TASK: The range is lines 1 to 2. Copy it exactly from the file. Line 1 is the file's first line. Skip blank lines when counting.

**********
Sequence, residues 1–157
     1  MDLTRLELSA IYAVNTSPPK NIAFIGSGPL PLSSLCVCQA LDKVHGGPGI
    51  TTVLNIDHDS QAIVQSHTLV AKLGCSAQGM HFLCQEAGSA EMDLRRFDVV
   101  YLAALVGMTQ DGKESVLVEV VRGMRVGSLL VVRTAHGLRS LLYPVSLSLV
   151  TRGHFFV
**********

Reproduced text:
Sequence, residues 1–157
     1  MDLTRLELSA IYAVNTSPPK NIAFIGSGPL PLSSLCVCQA LDKVHGGPGI